The machine in use in District 1 is the portable pugmill plant from Pugmill Systems. Jaren Allen, vice president of Pugmill Systems, has employees who assisted in training PennDOT field staff in its use. Allen spoke highly of their willingness to learn and take on the specific stage of a project that the pugmill introduces. PennDOT developed a 75-hour training program for this purpose, according to Young.
“The training focuses on stockpile set-up to include proper storage and handling of the RAP material to best utilize efficient and effective operations to include safety features identifying truck spray down areas as well as ingress and egress to maximize safety and efficient movement in confined areas,” Young explained.
A long-range RAP strategic plan has also been deployed over a 10-year period focusing on projects that generate RAP for all uses. This is key as it identifies a RAP network and creates a cycle to prompt department force prep work to be completed prior to the next scheduled overlay, Young explained. In addition to the RAP-generation exercise, the quantities identified will indicate the availability of surplus RAP, which is given back to the industry for use in high RAP warm-mix asphalt mix designs, further passing along the savings to customers.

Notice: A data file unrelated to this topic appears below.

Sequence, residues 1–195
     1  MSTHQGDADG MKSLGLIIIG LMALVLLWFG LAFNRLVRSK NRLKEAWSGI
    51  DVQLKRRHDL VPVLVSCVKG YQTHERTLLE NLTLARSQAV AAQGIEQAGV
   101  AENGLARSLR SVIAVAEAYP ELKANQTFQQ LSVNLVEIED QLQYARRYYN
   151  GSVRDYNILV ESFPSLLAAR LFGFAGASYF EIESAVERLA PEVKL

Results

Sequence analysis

Allen’s company offers several models of the portable plants ranging from 5 to 1,500 tons per hour capacity. Young said the districts sharing the machines target daily production ranging from 1,000 to 2,500 tons a day, and will continue to move up to the higher range as the expertise, planning and logistics are further refined.
For 2018, Allen said PennDOT has purchased an additional pugmill that the districts share. Young explained that six counties in the northwest part of the commonwealth have been placing RAP mixes with pugmills both rented and department-owned for a better part of the last 35 years.
“The current paving program places 100,000 tons per year,” Young explained. “In its peak, District 1-0 was placing over 200,000 tons per year as part of a program to eliminate gravel roads. The plan for the three new pugmills is to share them throughout the Commonwealth as part of a Regional Equipment Sharing
Innovation. The idea of sharing resources in this way, as well as other operations, lends itself to rightsizing the fleet in an effort to save capital and refurbishment costs to be utilized in other areas of our business.”